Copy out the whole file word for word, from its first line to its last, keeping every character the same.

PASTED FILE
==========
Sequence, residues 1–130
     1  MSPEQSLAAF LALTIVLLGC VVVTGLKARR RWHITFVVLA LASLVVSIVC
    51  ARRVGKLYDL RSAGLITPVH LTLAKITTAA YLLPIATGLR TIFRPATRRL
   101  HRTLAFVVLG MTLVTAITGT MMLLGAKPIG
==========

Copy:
Sequence, residues 1–130
     1  MSPEQSLAAF LALTIVLLGC VVVTGLKARR RWHITFVVLA LASLVVSIVC
    51  ARRVGKLYDL RSAGLITPVH LTLAKITTAA YLLPIATGLR TIFRPATRRL
   101  HRTLAFVVLG MTLVTAITGT MMLLGAKPIG